06/06/2006 11:00PM

Best medical advice is preventative


INGLEWOOD, Calif. - Never mind Polytrack, Tapeta Footing, StaLok, or other cutting-edge artificial surfaces. Based on recent traumas sustained by marquee colts in classic events, Saturday's 138th version of the Belmont Stakes will be the first one ever run on eggshells.

Television producers, racing execs, and skittish fans are at this moment engaged in lung-expanding exercise, preparing for that moment late when they will be forced to hold their breath for nearly 2 1/2 minutes. With the grisly images of Barbaro's hind leg and Horatio Nelson's front leg still fried into the psyches, there might even be a certain percentage of viewers who might leave the room when the gates open, only to peek around the door jamb at tense intervals, as if they were watching the director's cut of "Alien."

It's a safe bet that every conceivable prerace precaution will be mustered to make sure the full field of Belmont 3-year-olds gets around Big Sandy's mile and a half in one precious piece. But then, there have been practices firmly established for a number of years that were supposed to prevent the high incidence of such breakdowns in the first place.

Track maintenance, vet lists, prerace veterinary examinations, and final

veterinary scrutiny from paddock to post are all part of the daily racing routine. The fact that even the most highly valued Thoroughbreds continue to injure themselves has put these procedures under fresh examination, and rightfully so. Either the system works for all racehorses, or it doesn't.

As reported by Alan Lee in The Times of London, Andrew Cooper, director of racing at Epsom Racecourse, called for a review of the regulations governing horses being withdrawn at the start, in the wake of Horatio Nelson's fatal injury nearing the finish of the Epsom Derby. In the moments before the race, the colt's condition was under review by not only jockey Kieren Fallon and racecourse vet Dr. Jenny Hall, but also trainer Aidan O'Brien.

"One question that arose was whether we should have a rule that if a jockey expresses any concern at the start, his horse should not run," Cooper said, according to the report. "This incident will bring these procedures under scrutiny, and that change would make the whole thing bombproof."

Bombproof, perhaps. But such a rule also would put a bull's-eye squarely on jockeys, burdening them with far too much responsibility in a situation fraught with hovering pressure from owners, trainers, bookmakers (legal and otherwise) and gamblers, not to mention the internal conflicts between self-preservation and the need to make a living.

In the end, it should be the onsite veterinarian, a neutral arbiter, who issues the final verdict and takes the responsibility for whether or not a horse should start. Dr. Steve Buttgenbach, Southern California's official track vet, has tried to establish consistent policies based upon common sense.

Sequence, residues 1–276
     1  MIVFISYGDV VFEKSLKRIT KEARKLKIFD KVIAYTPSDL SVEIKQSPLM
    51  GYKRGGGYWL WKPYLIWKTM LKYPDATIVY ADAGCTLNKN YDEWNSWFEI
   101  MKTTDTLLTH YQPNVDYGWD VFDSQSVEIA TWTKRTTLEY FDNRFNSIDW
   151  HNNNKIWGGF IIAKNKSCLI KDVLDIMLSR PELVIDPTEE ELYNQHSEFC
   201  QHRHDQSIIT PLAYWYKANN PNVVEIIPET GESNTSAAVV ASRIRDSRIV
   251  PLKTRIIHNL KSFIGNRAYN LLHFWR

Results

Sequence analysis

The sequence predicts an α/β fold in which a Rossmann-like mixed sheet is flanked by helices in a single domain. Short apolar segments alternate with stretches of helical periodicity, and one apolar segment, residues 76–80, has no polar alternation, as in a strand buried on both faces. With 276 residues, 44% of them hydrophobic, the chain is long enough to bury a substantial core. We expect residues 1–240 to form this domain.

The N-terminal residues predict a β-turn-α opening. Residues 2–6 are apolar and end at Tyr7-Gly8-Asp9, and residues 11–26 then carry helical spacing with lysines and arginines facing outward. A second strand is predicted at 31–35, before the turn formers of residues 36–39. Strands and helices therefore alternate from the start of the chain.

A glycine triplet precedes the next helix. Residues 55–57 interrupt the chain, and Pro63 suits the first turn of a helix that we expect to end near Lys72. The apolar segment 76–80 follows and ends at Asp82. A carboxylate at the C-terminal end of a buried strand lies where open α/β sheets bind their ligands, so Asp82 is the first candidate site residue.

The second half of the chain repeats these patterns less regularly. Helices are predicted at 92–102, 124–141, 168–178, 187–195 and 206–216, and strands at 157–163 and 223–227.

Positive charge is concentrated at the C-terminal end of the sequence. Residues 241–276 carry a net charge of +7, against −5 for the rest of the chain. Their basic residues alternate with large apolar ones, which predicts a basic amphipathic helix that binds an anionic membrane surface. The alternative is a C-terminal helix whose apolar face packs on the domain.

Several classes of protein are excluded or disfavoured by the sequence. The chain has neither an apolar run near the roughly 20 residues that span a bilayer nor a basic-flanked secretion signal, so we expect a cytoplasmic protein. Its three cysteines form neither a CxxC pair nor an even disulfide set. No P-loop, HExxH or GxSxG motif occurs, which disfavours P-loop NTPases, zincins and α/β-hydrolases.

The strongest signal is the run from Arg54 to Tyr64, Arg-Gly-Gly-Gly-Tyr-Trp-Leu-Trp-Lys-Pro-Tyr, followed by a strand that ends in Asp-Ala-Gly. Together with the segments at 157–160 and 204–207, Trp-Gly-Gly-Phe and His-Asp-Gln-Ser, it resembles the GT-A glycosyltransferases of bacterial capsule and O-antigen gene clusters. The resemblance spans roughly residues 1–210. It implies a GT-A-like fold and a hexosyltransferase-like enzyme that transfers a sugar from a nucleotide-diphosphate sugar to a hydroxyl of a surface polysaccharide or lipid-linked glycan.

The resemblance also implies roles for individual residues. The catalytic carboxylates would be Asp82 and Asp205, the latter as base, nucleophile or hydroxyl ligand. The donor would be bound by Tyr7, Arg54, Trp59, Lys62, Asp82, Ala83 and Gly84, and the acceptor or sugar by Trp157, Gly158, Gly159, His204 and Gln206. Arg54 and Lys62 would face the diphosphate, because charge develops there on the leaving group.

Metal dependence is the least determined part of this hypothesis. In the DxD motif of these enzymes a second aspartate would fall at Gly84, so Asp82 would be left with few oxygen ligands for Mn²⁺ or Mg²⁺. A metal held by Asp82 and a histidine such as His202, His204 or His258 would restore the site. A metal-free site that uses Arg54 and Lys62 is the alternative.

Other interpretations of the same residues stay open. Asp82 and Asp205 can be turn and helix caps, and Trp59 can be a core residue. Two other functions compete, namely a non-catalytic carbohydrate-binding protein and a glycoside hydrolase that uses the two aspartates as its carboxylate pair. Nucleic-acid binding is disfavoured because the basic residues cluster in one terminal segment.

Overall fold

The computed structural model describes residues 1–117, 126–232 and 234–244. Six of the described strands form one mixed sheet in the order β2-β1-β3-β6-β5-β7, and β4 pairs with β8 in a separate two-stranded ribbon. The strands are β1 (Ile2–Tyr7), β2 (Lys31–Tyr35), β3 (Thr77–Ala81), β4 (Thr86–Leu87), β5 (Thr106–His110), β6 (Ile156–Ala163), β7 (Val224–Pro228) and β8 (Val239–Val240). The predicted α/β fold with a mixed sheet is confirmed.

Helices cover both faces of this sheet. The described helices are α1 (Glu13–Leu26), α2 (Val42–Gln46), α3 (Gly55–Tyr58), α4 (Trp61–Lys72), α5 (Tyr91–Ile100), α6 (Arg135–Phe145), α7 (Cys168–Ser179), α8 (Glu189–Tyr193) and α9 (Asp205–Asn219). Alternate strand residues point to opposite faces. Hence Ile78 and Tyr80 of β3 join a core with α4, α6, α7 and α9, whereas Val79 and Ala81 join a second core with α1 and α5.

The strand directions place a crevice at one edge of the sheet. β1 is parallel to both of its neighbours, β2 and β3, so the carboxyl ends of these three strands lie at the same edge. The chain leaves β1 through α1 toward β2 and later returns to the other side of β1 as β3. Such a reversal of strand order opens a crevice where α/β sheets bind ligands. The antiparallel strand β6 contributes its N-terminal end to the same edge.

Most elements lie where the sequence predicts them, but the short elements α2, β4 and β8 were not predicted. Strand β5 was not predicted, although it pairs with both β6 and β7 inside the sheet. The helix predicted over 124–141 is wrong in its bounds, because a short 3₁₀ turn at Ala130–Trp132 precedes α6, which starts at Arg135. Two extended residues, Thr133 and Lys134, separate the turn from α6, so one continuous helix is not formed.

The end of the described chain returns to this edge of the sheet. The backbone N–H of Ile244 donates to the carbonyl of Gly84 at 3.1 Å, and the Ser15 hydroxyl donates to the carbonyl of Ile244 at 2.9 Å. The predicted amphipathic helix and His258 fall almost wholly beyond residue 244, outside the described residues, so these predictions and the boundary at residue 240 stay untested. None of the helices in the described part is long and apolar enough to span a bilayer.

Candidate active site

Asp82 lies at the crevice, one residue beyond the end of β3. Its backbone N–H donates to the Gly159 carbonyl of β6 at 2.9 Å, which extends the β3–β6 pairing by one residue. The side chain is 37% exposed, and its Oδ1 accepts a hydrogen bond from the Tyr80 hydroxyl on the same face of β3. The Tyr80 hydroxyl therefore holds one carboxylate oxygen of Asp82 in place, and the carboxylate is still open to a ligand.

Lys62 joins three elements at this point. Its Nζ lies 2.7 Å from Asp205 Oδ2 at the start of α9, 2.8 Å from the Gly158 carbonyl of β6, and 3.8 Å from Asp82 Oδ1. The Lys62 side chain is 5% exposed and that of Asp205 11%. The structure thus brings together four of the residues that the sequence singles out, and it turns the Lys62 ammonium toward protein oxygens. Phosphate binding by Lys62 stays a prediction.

"If a rider comes to me and does not want to ride, I won't let the horse run - no matter what," Buttgenbach said. "Do you realize the liability involved if I call for a replacement jockey and anything happens in that race?

"I've had more than one trainer get mad at me for scratching a horse going to the gate, but they get over it," Buttgenbach went on. "There have been situations with apprentices, riding for Eclipse Award-winning trainers. Their horse will be off, but they really want to ride for that trainer. I've had to tell them, sorry, you're not riding this one today. And I will tell the trainer it was my decision, not the apprentice's."

When faced with a horse breaking prematurely through the gate, as did Barbaro in the moments before he was hurt in the Preakness, Buttgenbach advocates a case-by-case policy.

"It's a hard call," he said. "I certainly would have hated to have been the vet who scratched the horse who was supposed to win the Triple Crown.

"Years ago, I saw a horse break through the gate in a stakes race and run all the way around the track before they caught her," Buttgenbach recalled. "They put her back in and she still won. The owner of another horse in the race sued the stewards for letting the winner run.

"I've got trainers here who never want their horses to run if they break through the gate.

"On the other hand, Neil Drysdale had one break through the gate before a race at Santa Anita, and he is very conservative.

I had his number in my cell phone and called him, and told him I couldn't see anything wrong with his horse. He ran, and won. So I think it can be valuable sometimes to consult with a trainer, but it should not be the trainer's call."

In the end, the best thing to do would be to let qualified people make reasoned judgments, keeping them free from as much pressure as possible. Despite the best efforts of trainers and their private vets, not every horse who goes postwarda is sound enough to race, and even if they are, things can happen between the barn and the starting gate.

"I don't care if it's an $8,000 claimer or a million-dollar race," Buttgenbach said. "In fact, I don't even look at the program. You can't think about what the race is worth. You've got to think about what the horse is worth as a creature, and what the life of the jockey is worth."